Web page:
There are many different things in any facility which can cause waste. One of the biggest examples of this comes in the form of mistakes. Mistakes can happen during the production of a product, which then needs to be either fixed or disposed of. Whatever the cause, mistakes are a huge waste of time and resources. This is why the concept of poka-yoke was developed back in the 1960s. Poka-yoke is a term in Japanese which translates to “mistake proofing” in English.
It was developed by an industrial engineer at Toyota as a way to help reduce the number and severity of mistakes in the production line. Rather than simply reacting to a mistake, the poka-yoke system works to identify the root cause, and implement changes which will make it much more difficult, or even impossible, for the mistake to occur again.
How to Use Poka-Yoke
Understanding how to use poka-yoke is essential for any facility. Using this system is a great way to eliminate waste, and improve efficiency throughout the facility. The following steps can help anyone to mistake-proof their work area, or even an entire facility.
- Identify the process for which it will be used. Taking the time to learn as much about the system as possible.
- Analyze the ways which that process can fail.
- Choose the proper poka-yoke approach. The following are the standard poka-yoke approaches to any issue:
- Shut Out Type – Preventing the error from being made
- Attention Type – Immediately highlight the fact that an error has been made
- Determine whether any of the following options are appropriate for preventing this mistake in the future:
- Contact – Using a physical attribute of an item as a way to detect errors. The size, weight, shape or other physical measurement can quickly identify mistakes in many types of production.
- Constant Number – Identify mistakes by counting to ensure a consistent number of actions are taken in each process.
- Sequence – Complete a checklist to ensure every action within the process has been completed.
- Test the method and see if it is able to reduce or eliminate the number of mistakes occurring in a specific process.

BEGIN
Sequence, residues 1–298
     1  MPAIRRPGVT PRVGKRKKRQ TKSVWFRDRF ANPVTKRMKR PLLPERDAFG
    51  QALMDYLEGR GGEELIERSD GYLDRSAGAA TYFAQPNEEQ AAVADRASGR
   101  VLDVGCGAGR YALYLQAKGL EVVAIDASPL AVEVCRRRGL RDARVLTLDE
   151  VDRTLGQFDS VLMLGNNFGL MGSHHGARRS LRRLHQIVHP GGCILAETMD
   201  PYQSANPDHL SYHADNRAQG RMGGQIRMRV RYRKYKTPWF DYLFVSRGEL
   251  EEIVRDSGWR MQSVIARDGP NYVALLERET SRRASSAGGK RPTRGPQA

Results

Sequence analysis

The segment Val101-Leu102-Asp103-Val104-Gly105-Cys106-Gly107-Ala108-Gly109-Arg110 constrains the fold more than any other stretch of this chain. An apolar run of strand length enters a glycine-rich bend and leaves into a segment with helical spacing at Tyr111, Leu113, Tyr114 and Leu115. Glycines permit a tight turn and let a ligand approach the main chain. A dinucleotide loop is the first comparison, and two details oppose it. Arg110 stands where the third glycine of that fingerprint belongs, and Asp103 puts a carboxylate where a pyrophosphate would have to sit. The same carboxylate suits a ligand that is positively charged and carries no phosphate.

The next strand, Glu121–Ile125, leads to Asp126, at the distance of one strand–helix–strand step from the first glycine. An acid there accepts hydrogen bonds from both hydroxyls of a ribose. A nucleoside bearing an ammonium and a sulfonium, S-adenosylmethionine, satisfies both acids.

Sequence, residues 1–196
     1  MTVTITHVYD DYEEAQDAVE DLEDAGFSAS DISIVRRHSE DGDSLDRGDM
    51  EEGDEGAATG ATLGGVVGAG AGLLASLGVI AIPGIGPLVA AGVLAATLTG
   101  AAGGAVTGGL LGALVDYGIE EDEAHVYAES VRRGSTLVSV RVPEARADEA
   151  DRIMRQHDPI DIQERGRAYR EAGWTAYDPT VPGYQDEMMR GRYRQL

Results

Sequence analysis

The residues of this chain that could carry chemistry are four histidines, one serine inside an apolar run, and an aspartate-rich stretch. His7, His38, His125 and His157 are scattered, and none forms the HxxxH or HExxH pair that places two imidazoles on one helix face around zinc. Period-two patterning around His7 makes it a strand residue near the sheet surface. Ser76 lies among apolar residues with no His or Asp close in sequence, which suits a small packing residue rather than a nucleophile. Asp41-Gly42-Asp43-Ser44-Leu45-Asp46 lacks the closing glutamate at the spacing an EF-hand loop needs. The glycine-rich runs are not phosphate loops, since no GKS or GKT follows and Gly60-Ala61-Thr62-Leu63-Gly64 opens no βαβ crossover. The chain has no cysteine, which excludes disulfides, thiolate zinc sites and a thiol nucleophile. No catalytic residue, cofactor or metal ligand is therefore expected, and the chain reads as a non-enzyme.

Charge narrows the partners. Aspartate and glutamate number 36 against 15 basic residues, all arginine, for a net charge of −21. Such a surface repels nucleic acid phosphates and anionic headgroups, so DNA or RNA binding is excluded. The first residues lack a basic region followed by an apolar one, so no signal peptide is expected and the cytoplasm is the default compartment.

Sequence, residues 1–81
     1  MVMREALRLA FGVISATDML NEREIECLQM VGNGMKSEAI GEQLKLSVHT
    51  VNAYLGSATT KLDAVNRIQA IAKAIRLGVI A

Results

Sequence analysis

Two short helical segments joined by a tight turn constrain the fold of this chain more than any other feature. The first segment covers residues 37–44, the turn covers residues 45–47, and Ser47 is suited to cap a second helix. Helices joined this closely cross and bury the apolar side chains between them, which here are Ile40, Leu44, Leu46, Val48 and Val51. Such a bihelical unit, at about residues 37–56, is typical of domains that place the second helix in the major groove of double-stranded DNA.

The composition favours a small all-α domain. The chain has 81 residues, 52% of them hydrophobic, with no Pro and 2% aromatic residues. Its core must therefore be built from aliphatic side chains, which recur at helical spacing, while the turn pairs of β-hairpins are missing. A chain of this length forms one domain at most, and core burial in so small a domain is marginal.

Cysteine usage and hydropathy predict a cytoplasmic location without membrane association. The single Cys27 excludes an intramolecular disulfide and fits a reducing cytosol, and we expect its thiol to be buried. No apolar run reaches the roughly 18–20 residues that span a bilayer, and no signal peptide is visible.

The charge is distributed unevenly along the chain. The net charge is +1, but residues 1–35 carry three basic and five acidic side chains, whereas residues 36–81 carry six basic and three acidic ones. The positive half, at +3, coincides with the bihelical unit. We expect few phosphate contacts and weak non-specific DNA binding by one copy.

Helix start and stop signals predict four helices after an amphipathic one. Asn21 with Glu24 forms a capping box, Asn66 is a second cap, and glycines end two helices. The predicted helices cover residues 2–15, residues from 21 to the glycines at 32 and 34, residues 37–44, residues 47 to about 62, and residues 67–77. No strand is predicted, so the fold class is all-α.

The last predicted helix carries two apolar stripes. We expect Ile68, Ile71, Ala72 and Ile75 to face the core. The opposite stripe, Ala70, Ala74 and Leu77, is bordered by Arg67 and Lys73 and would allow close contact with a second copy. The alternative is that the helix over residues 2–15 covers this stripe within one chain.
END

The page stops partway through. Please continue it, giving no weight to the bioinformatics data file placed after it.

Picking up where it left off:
- Train everyone working on this system to use the new poka-yoke procedures
Kaizen Guide: Better your business with continuous improvement
To be successful, you can’t make an improvement once and forget about it. Effective lean businesses use kaizen, which means “continuous improvement”. In kaizen, everyone looks for ways to improve processes on a daily basis. This Kaizen Guide explains the kaizen mindset, basic kaizen concepts including the PDCA cycle, and real-world examples.
One of the most significant benefits of the poka-yoke system is that it is ideal for fostering an environment of constant improvement. When mistakes are discovered, the poka-yoke system is used to either prevent the mistake from occurring again in the future, or put in checks to immediately discover the problem. This helps to ensure the whole system runs smoothly, and when something does go wrong, the poka-yoke system is used again.
Rather than simply trying to address each mistake individually, poka-yoke actually works at identifying and addressing the root cause of all mistakes. Over time, this leads to a much more efficient and mistake-free production process. It will also allow the discovery and prevention of smaller and less significant mistakes, which in the past may have simply gone unnoticed. This is why poka-yoke is such an important system for all production situations, especially in lean environments.
- How to Fix Human Error
- Lean Six Sigma Checklist for Success
- Lean Eliminates Downtime
- Standardization and Lean
- Beginners Guide to Lean
- When is a Company Lean?
- Pull System – Kanban
- Lean’s Endless Pursuit of Perfection
- 8D for Problem Solving– creativesafetysupply.com
- What is Poka Yoke?– blog.creativesafetysupply.com
- Poka Yoke Techniques that You Should Know– kaizen-news.com
- Foundational Concepts of Lean– blog.5stoday.com
- Standardized Work– 5snews.com
- Implementing Six Sigma– hiplogic.com
- 5 Mistakes to Avoid when Labeling Pipes– realsafety.org